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Writing for Search Engines

Updated on June 23, 2011
Writing articles for search engines
Writing articles for search engines

Everything that we can find on the internet today is put there so that we can all get some information from it. Most people think that whatever content is written and available online was put there for only one target audience: man. But that is not entirely true. Whatever is written would never see the light of day if search engines couldn’t find it. Therefore, when writing articles the author must aim for two audiences: man and search engines.

What is it?

When books were the main source of information, the library was our database and the search engine was usually a book catalog, in some dark corner of the library. All the content that we can find online today is usually via searching. At some point we go online to search for information. And the catalog that holds the relative information of websites is the search engine.

How does it do it?

When a person enters a query the search engines run down the vast list of web pages that it has in storage. The pages that it finds ‘relevant’ are then added into the results page and listed according to the ranks that the search engine assigns to the sites. In order to understand writing for search engines, it is these flags that pique a search engine’s curiosity that needs to be fully comprehended.


Keywords are words that are found in the article that people are going to be looking for. For example, in an article about ‘dogs’ there could be millions of results returned, with the high number of results, the sensible thing would be to go for longer keywords like ‘dogs food’ or even better ‘dogs food sale’. The number of websites that address these keywords would be much less thus increasing the chance of discovery. The people that click on the link to these pages will be more than likely to be looking to purchasing dog food than just browsing for articles about dogs.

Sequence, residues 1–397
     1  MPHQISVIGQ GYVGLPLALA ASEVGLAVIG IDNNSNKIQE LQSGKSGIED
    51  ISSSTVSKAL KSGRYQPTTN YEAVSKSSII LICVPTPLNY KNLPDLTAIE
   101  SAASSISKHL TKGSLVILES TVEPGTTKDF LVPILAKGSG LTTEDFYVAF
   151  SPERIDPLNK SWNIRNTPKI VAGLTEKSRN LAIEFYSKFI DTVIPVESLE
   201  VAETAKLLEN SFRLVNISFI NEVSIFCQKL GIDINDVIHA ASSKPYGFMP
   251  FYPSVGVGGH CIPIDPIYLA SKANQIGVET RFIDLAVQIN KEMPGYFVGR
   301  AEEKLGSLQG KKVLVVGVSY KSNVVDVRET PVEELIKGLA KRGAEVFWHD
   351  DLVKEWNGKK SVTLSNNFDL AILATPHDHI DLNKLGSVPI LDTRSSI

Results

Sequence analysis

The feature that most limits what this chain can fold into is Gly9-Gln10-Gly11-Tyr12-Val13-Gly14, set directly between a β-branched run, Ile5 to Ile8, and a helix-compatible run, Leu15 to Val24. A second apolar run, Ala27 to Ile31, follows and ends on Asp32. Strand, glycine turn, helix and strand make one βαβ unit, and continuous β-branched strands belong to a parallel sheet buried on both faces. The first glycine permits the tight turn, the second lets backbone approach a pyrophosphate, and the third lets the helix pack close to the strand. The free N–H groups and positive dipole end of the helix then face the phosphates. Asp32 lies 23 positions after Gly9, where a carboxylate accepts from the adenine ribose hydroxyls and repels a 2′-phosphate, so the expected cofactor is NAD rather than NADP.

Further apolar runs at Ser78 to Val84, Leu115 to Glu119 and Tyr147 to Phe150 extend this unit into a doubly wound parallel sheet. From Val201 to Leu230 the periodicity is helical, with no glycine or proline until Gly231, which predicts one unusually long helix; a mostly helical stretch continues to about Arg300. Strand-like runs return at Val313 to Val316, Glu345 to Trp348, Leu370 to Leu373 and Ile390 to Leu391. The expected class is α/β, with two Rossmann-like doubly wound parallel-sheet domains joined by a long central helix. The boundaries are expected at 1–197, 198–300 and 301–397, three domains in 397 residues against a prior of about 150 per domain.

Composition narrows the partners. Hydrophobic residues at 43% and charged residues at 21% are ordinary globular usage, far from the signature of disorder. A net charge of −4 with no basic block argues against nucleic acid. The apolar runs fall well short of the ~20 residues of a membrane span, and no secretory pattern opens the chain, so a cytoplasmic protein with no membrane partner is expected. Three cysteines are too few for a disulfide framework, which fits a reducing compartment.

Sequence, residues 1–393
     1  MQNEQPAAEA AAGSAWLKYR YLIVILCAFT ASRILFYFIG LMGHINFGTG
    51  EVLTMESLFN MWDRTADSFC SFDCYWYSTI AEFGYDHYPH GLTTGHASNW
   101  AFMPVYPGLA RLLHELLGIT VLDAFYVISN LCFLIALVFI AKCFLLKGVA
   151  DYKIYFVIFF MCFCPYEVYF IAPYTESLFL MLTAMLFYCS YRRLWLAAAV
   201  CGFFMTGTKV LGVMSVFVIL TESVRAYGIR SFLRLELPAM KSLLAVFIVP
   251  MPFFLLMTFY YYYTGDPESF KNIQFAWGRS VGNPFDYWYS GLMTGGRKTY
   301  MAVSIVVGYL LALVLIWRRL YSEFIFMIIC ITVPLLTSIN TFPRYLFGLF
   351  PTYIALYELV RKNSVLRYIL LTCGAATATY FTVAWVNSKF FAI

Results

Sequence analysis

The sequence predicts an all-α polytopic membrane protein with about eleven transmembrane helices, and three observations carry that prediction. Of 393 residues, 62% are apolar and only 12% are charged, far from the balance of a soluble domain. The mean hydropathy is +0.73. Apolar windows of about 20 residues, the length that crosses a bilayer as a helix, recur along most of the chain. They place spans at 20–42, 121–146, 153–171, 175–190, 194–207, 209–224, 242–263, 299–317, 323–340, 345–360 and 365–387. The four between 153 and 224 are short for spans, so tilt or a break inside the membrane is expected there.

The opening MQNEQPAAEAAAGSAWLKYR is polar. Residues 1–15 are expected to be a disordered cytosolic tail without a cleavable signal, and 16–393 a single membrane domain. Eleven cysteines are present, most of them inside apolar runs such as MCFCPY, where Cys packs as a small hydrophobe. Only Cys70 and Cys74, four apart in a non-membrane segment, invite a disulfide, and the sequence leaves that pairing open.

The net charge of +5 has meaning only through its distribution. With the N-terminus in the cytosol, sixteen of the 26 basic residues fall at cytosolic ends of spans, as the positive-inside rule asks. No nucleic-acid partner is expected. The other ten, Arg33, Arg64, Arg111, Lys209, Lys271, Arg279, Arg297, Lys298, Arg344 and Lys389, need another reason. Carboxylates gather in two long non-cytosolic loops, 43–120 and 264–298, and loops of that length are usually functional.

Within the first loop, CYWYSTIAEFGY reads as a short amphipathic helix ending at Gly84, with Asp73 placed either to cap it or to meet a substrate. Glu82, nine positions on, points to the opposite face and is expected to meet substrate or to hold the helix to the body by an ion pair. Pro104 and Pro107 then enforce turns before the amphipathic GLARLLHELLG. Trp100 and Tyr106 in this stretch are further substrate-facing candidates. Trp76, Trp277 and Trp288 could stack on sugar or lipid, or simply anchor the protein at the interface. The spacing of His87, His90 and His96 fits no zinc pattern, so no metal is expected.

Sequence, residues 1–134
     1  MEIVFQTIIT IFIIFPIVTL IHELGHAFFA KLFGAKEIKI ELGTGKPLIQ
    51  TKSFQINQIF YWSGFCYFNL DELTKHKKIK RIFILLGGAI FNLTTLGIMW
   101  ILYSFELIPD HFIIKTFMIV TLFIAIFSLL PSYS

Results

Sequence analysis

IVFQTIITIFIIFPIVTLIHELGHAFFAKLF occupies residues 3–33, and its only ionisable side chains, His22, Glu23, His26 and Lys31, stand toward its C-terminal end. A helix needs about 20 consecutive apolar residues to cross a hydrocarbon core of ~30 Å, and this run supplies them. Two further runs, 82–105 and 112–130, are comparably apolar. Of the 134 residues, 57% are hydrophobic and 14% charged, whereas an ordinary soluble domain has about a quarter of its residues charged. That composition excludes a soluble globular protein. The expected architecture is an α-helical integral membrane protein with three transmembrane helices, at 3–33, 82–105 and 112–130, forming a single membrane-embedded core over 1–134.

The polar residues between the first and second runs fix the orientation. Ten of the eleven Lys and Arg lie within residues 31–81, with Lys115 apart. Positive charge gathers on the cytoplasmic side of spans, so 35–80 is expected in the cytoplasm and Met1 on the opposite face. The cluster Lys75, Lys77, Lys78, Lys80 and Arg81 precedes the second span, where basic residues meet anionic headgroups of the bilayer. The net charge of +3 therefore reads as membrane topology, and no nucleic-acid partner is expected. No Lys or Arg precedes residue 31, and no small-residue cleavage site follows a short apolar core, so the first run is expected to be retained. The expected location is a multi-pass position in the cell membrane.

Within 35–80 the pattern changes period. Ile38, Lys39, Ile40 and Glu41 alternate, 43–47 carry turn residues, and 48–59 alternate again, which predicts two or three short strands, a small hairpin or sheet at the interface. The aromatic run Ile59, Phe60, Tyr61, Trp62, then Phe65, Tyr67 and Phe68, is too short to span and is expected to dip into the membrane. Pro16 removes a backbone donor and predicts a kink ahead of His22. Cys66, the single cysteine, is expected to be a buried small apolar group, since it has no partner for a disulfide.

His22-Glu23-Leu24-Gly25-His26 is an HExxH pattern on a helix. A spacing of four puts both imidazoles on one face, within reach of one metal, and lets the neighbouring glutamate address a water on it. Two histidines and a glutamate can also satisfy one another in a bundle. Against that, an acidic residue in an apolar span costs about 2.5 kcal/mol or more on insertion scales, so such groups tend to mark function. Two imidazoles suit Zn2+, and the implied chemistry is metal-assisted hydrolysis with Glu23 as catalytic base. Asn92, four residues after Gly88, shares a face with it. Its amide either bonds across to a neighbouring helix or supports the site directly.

Metadata is like a summary of the content of the page. It is sometimes known as the ‘data about the data’. This data is read by search engines when they are being added to their search index. When writing for search engines leaving out the metadata would be very big mistake. A web page without name, content type, and list of keywords, description and language it was written in, a web page wouldn’t be found. And these are all data found in the metadata.


One thing that makes a web page poplar is the content itself. A writer that does thorough research and covers as many topics in as much details as possible will almost always come up with a page that ranks at the very top. One way of making sure a page is highly ranked would be to have people spread the word that there is a great article (sharing) and making sure that other websites with similar topics and good repute link to the page. This tells the search engines that the content on the page has been found to be authentic and relevant. The prove being the other users.

Writing for search engines is not a perfect science. The matter is further complicated by the fact that occasionally, search engine companies themselves change their algorithms. Websites that were once at the top of the results lists disappear and are replaced by others. Looking at the websites’ contents and continuously improving their contents is the only way to keep getting good rankings. It’s a constant experimentation.


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    • Savva Pelou profile image

      Savva Pelou 

      7 years ago from London

      this is a good simple beginners guide to writing for search engines. I would point out though, keywords within the meta data are ignored by most major search engines as it was a haven for keyword stuffing.


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